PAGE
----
Government investment is positive for patients, but must be spent wisely
In September 2021, the Government pledged £36 billion to provide long-term support to the NHS and social care systems in England, with a further £5.4 billion cash injection over the next six months to support the health service’s response to COVID-19 and help it deal with an anticipated surge in care needs this winter.
Biting back on the backlog
The Medical Technology Group welcomes this investment and appreciates the focus on the role of technology. Backed by the funding, for example, will be surgical hubs to help fast-track the number of planned operations, including hip and knee replacements, and treat around 30 percent more patients who need elective care by 2023 to 2024.
With waiting lists for routine operations and treatments such as hip replacements and cataract surgery predicted to increase to 13 million, exacerbated by a postcode lottery where some areas face huge backlogs while others have almost none, this investment is crucial.
The MTG has always campaigned for better access to orthopaedic surgery and its benefits to both patients and society. It can improve patients’ mobility and give them the capacity to return to work and lead a full and active life. In fact, at least 60 percent of those working before the hip replacement procedure return to work after the surgery.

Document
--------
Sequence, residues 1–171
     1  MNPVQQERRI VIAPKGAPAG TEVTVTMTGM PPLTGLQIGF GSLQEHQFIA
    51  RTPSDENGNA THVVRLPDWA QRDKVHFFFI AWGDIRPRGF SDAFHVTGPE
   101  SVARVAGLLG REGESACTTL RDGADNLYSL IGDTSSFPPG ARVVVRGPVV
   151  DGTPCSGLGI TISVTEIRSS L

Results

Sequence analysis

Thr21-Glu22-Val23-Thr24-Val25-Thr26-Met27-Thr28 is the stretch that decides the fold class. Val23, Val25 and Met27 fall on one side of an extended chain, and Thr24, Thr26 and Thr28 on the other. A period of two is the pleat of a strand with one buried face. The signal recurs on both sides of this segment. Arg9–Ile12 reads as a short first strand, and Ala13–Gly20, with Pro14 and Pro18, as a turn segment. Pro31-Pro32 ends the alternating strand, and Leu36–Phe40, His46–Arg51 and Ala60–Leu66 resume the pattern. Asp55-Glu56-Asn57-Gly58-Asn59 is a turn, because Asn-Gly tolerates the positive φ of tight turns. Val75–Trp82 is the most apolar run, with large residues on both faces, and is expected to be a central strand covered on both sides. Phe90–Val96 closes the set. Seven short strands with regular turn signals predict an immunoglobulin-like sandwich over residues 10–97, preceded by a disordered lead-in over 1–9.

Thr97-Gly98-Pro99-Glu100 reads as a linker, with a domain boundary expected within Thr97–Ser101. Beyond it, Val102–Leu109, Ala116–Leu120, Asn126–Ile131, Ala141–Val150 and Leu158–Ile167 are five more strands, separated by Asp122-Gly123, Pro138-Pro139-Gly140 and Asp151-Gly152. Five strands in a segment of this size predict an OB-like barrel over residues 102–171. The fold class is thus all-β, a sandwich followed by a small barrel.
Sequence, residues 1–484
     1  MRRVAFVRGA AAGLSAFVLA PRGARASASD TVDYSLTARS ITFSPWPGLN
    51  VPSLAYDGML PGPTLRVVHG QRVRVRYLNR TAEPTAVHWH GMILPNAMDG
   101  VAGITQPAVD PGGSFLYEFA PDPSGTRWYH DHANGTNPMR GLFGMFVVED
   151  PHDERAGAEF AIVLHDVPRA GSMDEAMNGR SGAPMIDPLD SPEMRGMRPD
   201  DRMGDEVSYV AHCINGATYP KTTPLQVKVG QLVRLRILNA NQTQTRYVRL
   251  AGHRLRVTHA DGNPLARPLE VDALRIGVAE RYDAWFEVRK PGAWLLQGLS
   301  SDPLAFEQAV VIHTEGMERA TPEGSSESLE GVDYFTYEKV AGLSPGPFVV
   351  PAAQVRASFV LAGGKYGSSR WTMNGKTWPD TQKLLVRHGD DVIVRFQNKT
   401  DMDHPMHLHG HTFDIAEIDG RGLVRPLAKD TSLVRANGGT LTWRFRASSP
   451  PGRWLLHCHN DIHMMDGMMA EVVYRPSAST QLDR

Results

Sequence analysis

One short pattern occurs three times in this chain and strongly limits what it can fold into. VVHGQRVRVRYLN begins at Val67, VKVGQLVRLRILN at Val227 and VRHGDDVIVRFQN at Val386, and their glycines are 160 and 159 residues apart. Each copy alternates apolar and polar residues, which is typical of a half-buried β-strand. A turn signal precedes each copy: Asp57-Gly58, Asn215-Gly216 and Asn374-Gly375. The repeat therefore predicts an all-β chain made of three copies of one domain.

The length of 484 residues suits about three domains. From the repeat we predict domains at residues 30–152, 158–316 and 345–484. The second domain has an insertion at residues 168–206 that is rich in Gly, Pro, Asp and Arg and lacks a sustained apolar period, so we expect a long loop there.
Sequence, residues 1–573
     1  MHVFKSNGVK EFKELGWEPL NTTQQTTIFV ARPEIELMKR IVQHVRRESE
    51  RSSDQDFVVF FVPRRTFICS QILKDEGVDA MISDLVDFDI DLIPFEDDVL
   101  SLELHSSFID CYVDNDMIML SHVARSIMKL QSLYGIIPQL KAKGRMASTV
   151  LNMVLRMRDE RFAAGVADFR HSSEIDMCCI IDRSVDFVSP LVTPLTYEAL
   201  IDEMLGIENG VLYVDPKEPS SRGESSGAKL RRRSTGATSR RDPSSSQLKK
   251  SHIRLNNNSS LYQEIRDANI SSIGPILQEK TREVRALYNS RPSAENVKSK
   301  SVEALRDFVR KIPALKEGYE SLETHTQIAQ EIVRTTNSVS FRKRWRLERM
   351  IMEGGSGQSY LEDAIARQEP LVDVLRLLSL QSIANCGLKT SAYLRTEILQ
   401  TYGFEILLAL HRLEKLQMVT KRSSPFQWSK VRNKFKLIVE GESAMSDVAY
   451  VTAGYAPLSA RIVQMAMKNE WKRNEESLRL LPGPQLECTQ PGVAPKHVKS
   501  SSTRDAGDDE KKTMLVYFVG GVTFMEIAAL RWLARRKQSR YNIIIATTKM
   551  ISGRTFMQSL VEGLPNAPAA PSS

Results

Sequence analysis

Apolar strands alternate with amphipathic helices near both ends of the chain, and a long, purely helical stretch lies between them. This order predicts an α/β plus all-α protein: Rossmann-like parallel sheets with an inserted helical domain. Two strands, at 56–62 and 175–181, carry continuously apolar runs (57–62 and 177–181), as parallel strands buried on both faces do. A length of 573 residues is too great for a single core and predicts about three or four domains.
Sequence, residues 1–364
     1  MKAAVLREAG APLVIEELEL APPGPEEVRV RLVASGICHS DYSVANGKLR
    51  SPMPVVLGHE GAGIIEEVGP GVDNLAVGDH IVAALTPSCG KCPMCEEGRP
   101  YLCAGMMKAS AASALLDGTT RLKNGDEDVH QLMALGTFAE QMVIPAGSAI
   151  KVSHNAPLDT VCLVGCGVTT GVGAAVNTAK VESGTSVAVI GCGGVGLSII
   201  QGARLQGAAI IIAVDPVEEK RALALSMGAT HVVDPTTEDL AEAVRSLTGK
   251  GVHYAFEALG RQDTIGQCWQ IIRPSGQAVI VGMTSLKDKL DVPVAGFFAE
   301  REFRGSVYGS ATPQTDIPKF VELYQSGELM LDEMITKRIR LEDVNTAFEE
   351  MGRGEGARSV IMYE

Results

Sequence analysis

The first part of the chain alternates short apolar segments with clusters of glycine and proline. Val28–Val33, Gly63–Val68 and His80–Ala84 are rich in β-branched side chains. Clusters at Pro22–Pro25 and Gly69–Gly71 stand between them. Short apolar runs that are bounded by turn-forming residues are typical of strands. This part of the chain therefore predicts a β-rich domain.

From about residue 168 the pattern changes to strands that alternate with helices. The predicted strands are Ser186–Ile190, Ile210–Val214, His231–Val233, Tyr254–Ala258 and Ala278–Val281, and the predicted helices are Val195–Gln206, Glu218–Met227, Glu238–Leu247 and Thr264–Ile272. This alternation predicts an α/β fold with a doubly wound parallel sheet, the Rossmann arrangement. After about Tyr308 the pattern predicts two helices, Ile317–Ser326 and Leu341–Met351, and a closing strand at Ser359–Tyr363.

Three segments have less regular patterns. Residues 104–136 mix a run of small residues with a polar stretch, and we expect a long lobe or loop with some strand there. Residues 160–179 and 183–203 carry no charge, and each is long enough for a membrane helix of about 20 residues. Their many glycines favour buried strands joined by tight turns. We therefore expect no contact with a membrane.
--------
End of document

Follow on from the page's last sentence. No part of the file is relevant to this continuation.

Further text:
It brings economic benefits, too. Our Keeping Britain Working report in 2017 found that hip replacements delivered savings of £70 million to the UK economy in 2016, with an additional £704 million saved over the next ten years; a vital financial benefit as the country attempts to climb back from the economic impact of the pandemic.
Minimally invasive – maximum benefit
We also welcome the acknowledgement of minimally invasive surgery techniques such as robotic surgery in the Government’s spending plans.
As outlined in the Guardian’s recent Sustainable Healthcare campaign, such techniques offer a more efficient way of treating patients. Robotic surgery, for example, can improve patient recovery time (4.9 days compared to 6.1 days for laparoscopy) while minimising pain, infection and scarring, as well as variation in technique. By limiting overnight stays and reducing follow-up care, minimally invasive procedures also bring down costs.
The benefits of such techniques have been harnessed throughout the pandemic. For example, surgical robots have been used in Milton Keynes Hospital to deliver more complex surgery, and it was the first hospital in Europe to use the Versius Surgical Robotic System for major gynaecological surgery, including complex cancer cases.
Fulfilling potential in the promise
With the NHS in England predicted to be short of 50,000 doctors this winter, paired with waiting lists of over 5.6 million and huge regional disparities in access to treatment across the country, it is essential that this new funding is spent well.
With medical technology at the heart of the recovery plan, it is finally getting the attention it deserves. Now the mission is ensuring its full potential is harnessed as the plan is rolled out.